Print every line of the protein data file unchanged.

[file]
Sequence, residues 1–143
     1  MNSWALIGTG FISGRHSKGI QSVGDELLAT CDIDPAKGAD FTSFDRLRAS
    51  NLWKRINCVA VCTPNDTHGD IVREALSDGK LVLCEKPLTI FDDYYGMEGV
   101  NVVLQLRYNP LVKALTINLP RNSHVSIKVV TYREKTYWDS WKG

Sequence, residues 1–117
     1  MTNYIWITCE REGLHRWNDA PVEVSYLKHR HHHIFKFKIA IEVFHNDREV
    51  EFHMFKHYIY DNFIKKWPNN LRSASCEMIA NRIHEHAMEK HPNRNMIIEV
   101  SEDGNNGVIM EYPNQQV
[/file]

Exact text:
Sequence, residues 1–143
     1  MNSWALIGTG FISGRHSKGI QSVGDELLAT CDIDPAKGAD FTSFDRLRAS
    51  NLWKRINCVA VCTPNDTHGD IVREALSDGK LVLCEKPLTI FDDYYGMEGV
   101  NVVLQLRYNP LVKALTINLP RNSHVSIKVV TYREKTYWDS WKG

Sequence, residues 1–117
     1  MTNYIWITCE REGLHRWNDA PVEVSYLKHR HHHIFKFKIA IEVFHNDREV
    51  EFHMFKHYIY DNFIKKWPNN LRSASCEMIA NRIHEHAMEK HPNRNMIIEV
   101  SEDGNNGVIM EYPNQQV